“My father was religious,” Edgar Fromm remarked about Julius, “but there was not much discussion about it at home.” They belonged to the Jewish community on Fasanenstrasse and observed the holidays. Julius advised his sons to marry Jewish women because a mixed marriage would make it more difficult to raise children in the Jewish faith. Julius Fromm’s siblings felt the same way. Elsbeth Kuntze, wife of his younger brother Siegmund, was raised as a Christian, but converted to Judaism before the wedding.
On the left: Salomon, Berthold, and Elvira Fromm, ca. 1917
On the right: Ruth Fromm, daughter of Salomon and Elvira
On left: Helene Fromm with unidentified companion, ca. 1915
On right: Else and Willy Brandenburg with their son Bruno, born 1918
“An authoritarian man with a liberal bent” and “a gentle patriarch” are two phrases Edgar Fromm used to describe his father. He was a man of few words, but when he did speak, he was forceful. His circle of friends included both Jews and non-Jews. He was well-regarded in Berlin, but he did not spend much time socializing. The condom manufacturer had both a commanding personality and a progressive outlook. Julius Fromm believed in making condoms a practical means of family planning.
In many respects, the Fromm household was quite permissive—as long as the sons complied with the wishes of the family’s “gentle patriarch.” But the third immigrant generation, the first to be born in Germany, did not simply do what it was told, as one episode related by Edgar about his eldest brother’s choice of profession illustrates.
Max was the most intellectual of the children. After he graduated from Grunewald High School at the age of seventeen, our father said, “So now you’re joining the company.”
“I don’t want to spend my entire life sitting around with the same people from nine to five,” Max replied, “I want to become an actor.” He was given a clipped reply:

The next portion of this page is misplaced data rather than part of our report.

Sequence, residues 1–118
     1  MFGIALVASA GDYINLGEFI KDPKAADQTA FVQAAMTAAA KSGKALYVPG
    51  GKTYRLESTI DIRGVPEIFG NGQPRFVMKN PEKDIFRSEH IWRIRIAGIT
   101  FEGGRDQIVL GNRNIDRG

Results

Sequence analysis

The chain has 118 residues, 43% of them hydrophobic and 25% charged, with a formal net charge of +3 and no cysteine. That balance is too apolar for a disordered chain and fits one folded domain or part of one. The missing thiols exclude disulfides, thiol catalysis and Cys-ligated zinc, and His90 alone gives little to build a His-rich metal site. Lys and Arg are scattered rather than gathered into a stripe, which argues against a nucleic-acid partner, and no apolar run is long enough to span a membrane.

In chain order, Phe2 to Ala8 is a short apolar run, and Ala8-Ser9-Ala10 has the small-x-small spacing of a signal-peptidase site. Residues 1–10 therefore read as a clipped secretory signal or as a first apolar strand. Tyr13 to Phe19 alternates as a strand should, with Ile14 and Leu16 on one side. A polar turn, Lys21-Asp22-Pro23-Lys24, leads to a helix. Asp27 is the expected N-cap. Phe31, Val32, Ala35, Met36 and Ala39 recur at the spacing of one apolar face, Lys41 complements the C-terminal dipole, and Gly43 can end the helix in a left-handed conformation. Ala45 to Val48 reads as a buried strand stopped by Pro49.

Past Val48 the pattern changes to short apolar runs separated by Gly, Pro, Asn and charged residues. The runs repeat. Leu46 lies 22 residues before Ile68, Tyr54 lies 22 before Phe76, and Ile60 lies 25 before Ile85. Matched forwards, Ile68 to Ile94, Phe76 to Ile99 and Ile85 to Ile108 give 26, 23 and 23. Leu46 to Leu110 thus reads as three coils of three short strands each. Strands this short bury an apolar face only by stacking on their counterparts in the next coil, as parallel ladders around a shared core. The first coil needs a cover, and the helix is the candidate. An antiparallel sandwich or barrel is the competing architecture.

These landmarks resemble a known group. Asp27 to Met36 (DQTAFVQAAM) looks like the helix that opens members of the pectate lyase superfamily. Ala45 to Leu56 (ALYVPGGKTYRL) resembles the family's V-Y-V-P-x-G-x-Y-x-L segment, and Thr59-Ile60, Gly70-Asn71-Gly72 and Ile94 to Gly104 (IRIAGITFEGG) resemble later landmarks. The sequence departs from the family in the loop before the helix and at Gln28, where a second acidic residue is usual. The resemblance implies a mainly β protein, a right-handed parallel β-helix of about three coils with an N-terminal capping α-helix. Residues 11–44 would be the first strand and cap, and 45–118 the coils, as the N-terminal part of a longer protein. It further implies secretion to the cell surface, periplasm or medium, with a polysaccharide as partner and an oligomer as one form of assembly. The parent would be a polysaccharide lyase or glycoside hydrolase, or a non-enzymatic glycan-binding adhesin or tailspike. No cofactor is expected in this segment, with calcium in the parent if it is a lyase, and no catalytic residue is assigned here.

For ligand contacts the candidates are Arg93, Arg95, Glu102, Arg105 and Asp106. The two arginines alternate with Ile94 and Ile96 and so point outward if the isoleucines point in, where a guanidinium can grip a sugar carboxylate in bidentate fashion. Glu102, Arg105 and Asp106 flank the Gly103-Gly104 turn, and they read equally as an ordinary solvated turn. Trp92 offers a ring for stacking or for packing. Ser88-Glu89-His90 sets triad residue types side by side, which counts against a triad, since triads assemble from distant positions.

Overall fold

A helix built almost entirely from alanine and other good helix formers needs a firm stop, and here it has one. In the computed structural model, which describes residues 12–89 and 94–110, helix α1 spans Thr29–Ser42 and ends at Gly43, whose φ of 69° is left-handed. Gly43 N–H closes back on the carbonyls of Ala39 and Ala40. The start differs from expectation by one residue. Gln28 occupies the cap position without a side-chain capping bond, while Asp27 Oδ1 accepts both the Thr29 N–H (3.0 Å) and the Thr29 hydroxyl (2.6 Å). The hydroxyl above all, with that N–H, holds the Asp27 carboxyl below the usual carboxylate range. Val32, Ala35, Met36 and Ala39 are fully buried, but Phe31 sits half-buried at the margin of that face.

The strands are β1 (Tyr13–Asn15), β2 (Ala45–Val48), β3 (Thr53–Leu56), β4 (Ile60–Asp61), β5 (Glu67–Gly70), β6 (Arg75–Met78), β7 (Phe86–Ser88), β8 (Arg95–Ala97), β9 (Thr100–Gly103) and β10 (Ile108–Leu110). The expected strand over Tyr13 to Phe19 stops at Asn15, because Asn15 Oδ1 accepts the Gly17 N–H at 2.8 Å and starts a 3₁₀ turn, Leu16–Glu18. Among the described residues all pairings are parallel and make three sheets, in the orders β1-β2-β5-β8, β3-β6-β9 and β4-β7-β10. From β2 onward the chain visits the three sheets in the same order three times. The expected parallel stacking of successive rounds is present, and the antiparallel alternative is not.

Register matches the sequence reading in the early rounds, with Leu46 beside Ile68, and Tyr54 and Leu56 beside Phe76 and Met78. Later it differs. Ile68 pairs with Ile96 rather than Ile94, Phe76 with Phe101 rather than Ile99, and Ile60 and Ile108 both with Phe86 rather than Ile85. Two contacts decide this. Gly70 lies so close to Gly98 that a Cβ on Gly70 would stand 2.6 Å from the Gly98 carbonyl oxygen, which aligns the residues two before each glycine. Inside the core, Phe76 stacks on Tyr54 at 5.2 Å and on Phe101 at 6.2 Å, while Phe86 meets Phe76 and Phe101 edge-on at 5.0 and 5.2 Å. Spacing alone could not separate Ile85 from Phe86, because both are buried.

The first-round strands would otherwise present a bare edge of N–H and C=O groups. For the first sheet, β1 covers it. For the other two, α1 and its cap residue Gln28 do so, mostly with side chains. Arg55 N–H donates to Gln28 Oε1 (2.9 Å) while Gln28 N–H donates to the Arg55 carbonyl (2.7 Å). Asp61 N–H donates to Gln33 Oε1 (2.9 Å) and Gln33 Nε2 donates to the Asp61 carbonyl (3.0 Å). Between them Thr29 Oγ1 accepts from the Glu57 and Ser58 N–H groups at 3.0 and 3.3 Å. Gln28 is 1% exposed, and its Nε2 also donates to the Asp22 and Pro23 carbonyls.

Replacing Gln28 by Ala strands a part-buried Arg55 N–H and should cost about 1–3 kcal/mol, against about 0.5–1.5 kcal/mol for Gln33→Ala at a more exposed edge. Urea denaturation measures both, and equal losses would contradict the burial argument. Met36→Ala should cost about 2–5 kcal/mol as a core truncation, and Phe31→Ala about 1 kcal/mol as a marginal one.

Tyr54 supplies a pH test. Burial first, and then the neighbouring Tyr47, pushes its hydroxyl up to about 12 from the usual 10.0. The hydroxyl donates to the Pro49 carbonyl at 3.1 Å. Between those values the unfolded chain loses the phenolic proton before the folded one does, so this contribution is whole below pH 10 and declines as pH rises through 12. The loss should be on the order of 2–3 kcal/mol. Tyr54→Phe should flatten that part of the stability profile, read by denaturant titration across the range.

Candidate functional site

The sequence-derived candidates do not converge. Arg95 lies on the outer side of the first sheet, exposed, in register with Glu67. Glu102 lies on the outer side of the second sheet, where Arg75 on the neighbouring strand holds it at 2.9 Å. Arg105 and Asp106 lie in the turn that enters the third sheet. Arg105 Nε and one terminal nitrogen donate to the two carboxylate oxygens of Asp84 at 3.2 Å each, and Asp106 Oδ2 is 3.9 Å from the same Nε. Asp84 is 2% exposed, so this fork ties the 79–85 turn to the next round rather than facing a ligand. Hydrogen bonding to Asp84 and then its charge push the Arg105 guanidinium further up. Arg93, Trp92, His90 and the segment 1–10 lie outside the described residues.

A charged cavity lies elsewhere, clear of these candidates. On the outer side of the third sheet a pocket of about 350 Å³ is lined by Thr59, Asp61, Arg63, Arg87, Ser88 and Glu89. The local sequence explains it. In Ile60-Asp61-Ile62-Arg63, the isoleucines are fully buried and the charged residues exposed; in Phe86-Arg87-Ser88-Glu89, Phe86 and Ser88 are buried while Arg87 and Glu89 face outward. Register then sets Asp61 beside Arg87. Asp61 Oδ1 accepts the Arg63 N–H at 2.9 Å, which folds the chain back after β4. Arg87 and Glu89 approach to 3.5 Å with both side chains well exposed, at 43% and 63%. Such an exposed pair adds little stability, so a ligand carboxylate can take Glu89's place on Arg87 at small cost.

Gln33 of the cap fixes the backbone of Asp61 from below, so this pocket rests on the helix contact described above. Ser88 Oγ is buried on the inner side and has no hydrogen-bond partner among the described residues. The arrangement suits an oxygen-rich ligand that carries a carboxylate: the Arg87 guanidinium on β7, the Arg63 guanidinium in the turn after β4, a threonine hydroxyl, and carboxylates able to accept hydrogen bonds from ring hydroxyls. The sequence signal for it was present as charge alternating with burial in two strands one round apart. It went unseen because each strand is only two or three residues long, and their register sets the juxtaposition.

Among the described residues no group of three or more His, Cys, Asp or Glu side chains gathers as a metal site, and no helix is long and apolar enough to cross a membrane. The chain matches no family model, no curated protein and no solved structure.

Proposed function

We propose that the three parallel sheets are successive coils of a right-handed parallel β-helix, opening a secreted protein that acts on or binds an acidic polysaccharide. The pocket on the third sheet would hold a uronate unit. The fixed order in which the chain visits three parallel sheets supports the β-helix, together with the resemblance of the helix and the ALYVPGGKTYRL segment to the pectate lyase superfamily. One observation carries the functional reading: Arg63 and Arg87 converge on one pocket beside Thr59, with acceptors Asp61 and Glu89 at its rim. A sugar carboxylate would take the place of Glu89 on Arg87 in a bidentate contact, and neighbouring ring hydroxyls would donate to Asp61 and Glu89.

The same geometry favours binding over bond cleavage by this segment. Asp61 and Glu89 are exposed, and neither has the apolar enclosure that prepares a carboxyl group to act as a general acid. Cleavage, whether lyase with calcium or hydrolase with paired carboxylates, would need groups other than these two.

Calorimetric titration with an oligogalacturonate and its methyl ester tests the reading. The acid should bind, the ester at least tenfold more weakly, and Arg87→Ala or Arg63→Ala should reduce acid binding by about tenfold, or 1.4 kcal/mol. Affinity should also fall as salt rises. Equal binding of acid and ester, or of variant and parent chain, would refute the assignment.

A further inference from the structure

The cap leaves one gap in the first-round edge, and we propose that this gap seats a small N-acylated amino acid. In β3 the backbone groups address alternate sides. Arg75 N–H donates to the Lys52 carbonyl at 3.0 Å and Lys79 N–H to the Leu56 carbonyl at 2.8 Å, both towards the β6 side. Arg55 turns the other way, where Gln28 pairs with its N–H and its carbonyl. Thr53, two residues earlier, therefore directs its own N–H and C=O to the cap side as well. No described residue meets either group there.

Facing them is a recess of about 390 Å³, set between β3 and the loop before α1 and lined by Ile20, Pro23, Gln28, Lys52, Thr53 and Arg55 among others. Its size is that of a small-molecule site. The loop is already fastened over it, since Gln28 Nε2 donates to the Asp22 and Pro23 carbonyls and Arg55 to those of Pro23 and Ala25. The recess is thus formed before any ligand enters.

“I will not support that.”
The son defiantly headed straight to the renowned theater director Max Reinhardt for an audition, which proved a success.
“You can enroll in the drama school.”
“That would be nice, but I have no money,” Max replied.
“What? You, the son of Julius Fromm, have no money?” Reinhardt wondered.
“My father said he would not pay for this.”
“Then tell him that I have offered you a scholarship and you won’t have to pay anything.” Our father relented, provided that his son would prove to be an “accomplished actor.”
On left: Else Brandenburg, Julius Fromm’s younger sister, ca. 1918
On right: Julius Fromm’s sister Helene Fromm, ca. 1925
Max could not be swayed from his resolve to pursue a career in acting. He attended Reinhardt’s famous drama school from 1928 to 1930, and Julius Fromm brought his younger son Herbert into the business as an apprentice, although Herbert had just finished middle school. Ever true to form, Julius put his son through his paces, making sure that he was assigned the most difficult and unpleasant tasks.
Before long, Max made his theatrical debut, appearing onstage with Max Pallenberg and Fritzi Massary. He also performed in Berlin’s leading cabaret, the Kabarett der Komiker (Cabaret of Comedians), which was established in 1924. The cabaret theater, which had seating for eight hundred, featured a stellar array of artists that included Claire Waldoff, Curt Bois, Ernst Busch, Karl Valentin, and the Comedian Harmonists. Friedrich Hollaender, the renowned composer and pianist, who wrote music for the cabaret, took Max Fromm under his wing, and he was soon offered modest roles in film and the theater, including work with Bertolt Brecht. Julius was impressed by his success. Max acted in a series of entertaining movies produced by UFA, Germany’s largest film company: Eine Freundin so goldig wie du (A Girlfriend as Sweet as You), Der Kongress tanzt (Congress Dances), and Eine Tür geht auf (A Door Opens). However, his performances in the Kabarett der Komiker, which was founded by three Jews, drew a dangerous kind of attention to him, since the skits heaped scorn on the National Socialists.